Allow yourself to feel whatever emotions arise — sadness, anger, guilt, or relief that your pet is no longer suffering. Don’t try to suppress or rush through your grief. Instead, embrace it as a natural part of the healing process. If possible, take time off.

Seek support from friends, family, support groups, or pet loss counselors. Pet loss affects so many of us that there are many dedicated resources to help you through this time.

9. Talk to your children

Children form deep bonds with their pets, and the loss of a furry friend can be their first experience with death. It’s essential to approach this conversation with honesty, sensitivity, and age-appropriate language. While talking to your children about death and euthanasia is a personal decision, many take the following approach.

  • Be honest and direct. Avoid terms like “went to sleep” or “went away,” as these can create confusion and anxiety. Use clear terms like “died” and “death” to explain what happened.
  • Validate their feelings. Let your children know that it’s okay to feel sad, angry, or confused. Encourage them to express their emotions openly, whether through talking, crying, or drawing.
  • Answer their questions. Be prepared to answer their questions honestly and simply.  If you don’t know the answer, it’s okay to say so. You can also use this as an opportunity to share your own beliefs about what happens after death.
  • Offer comfort and reassurance. Remind your children that they are loved and supported and that you’ll get through this together as a family. Share your own memories of the pet and encourage them to do the same.
  • Create rituals and memorials. Involve your children in creating a memorial for the pet, such as planting a tree, making a scrapbook, or holding a small ceremony. This can help them process their grief and say goodbye in a meaningful way.
  • Seek additional support: If your child is struggling to cope, consider talking to a therapist or counselor specializing in child grief. They can provide guidance and support tailored to your child’s needs. There are also many excellent books on this topic.

Saying goodbye to a beloved pet is never easy, but by understanding and normalizing grief, proactively assessing your pet’s quality of life, and thoughtfully planning for their passing, you can ensure their final days are filled with love, comfort, and dignity.  Remember, you are not alone in this journey.  Lean on your veterinarian, family, friends, and support groups for guidance and comfort as you navigate this difficult time. While the pain of loss may never fully fade, the memories you’ve created with your furry companion will remain in your heart forever.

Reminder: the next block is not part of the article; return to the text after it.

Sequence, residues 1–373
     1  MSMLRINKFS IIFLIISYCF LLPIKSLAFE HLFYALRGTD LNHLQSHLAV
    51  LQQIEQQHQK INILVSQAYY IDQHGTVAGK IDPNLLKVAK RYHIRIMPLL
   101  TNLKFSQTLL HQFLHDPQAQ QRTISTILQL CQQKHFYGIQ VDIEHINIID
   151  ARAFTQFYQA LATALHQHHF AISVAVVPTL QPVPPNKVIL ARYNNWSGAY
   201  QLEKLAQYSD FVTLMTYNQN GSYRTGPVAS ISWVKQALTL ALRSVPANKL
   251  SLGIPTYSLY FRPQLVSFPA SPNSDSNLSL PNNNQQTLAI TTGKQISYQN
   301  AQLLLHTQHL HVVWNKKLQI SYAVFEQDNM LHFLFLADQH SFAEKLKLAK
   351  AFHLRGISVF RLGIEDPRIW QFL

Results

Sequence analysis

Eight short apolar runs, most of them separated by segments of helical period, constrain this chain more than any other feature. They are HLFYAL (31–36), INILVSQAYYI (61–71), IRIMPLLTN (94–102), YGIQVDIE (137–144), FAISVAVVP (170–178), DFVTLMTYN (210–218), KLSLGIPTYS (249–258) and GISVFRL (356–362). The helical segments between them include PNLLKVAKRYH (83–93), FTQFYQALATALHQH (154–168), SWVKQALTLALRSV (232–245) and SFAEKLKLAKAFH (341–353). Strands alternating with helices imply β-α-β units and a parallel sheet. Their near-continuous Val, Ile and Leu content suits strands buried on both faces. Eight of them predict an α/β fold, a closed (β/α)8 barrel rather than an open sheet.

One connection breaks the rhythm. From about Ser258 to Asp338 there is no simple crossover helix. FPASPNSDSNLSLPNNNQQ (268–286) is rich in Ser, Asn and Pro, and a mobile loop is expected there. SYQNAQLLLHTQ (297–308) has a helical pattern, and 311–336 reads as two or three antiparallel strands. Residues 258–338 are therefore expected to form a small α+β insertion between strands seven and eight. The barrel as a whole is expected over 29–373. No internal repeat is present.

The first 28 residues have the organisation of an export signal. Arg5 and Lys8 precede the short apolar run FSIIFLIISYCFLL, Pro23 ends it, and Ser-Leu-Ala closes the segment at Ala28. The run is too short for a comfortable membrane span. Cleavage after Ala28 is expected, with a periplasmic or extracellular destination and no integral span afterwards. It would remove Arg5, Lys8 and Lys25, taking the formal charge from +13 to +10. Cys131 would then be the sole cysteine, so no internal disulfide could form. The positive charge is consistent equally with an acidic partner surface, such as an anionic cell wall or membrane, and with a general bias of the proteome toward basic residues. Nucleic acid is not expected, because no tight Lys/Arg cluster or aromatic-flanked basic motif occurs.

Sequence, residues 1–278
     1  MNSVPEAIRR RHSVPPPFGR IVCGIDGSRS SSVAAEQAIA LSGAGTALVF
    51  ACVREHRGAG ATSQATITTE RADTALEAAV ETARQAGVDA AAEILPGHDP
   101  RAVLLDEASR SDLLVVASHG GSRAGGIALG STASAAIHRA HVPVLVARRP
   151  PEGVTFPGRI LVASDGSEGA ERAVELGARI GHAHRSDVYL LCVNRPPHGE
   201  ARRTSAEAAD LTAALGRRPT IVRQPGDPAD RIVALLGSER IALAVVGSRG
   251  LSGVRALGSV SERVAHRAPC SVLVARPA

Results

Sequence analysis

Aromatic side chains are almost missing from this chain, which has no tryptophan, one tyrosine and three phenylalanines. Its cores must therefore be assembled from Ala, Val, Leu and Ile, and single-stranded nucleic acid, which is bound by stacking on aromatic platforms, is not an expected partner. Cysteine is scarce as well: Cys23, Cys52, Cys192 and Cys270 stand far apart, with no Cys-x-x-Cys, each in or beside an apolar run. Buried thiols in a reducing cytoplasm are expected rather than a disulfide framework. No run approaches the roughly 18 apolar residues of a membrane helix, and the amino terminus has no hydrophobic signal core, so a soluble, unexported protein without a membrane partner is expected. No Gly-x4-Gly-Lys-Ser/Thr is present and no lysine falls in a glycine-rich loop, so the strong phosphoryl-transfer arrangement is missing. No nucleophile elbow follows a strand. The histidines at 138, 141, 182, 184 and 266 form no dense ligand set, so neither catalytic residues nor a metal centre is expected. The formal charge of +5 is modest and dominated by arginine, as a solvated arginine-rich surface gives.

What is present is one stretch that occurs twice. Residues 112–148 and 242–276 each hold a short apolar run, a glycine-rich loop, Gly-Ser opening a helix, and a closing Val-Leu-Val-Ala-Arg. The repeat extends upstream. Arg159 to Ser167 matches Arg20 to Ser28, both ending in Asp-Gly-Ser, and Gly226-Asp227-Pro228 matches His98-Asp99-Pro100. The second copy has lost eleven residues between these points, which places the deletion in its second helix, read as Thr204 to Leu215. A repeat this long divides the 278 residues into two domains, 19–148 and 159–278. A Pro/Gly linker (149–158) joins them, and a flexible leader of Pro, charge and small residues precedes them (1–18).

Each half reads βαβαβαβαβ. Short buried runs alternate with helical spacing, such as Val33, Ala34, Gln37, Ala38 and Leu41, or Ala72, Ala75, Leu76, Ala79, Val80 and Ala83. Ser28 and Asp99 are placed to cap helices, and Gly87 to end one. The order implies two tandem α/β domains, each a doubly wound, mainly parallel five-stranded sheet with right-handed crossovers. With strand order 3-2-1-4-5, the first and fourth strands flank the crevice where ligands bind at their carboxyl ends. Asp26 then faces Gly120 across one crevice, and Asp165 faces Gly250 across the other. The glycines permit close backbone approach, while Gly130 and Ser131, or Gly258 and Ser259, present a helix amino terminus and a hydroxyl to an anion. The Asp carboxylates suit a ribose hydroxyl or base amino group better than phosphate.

It’s important to remember that every pet and their human family are different, and there is no single “right” way to grieve or say goodbye. This guide is meant to offer support and resources as you create a personalized plan that honors your pet’s life and helps you find peace during this challenging time.

Frequently asked questions

What do I do before my dog passes away?

Prioritize your dog’s comfort and quality of life by creating a peaceful environment and spending time with them, engaging in their favorite activities, and offering them their favorite treats. Capture memories with photos, videos, or paw prints. Plan ahead for when and where your pet will be euthanized, and discuss what to expect and aftercare options with your veterinarian beforehand.

What not to do when your dog dies?

Allow yourself time to grieve without rushing the process. Avoid feeling guilty if you made the difficult decision to euthanize, as you acted in your pet’s best interest. Don’t isolate yourself; reach out to loved ones or support groups for comfort.

How can I help my dog pass away peacefully?

Consult your veterinarian for guidance on pain management and comfort measures. Create a calm environment and offer love and support. Consider humane euthanasia if your dog is suffering from a terminal illness or severe pain.

What over-the-counter medicine will put a dog to sleep?

There are no safe over-the-counter medications for euthanasia. Only a licensed veterinarian can perform this procedure using specialized medications.

Should I let my dog pass away naturally?

The decision to let a dog pass naturally or opt for euthanasia depends on their quality of life, pain levels, and medical conditions. Sometimes death occurs unexpectedly, but often, when pets are terminally ill or suffering, euthanasia can be the kindest option to end their pain in a dignified way.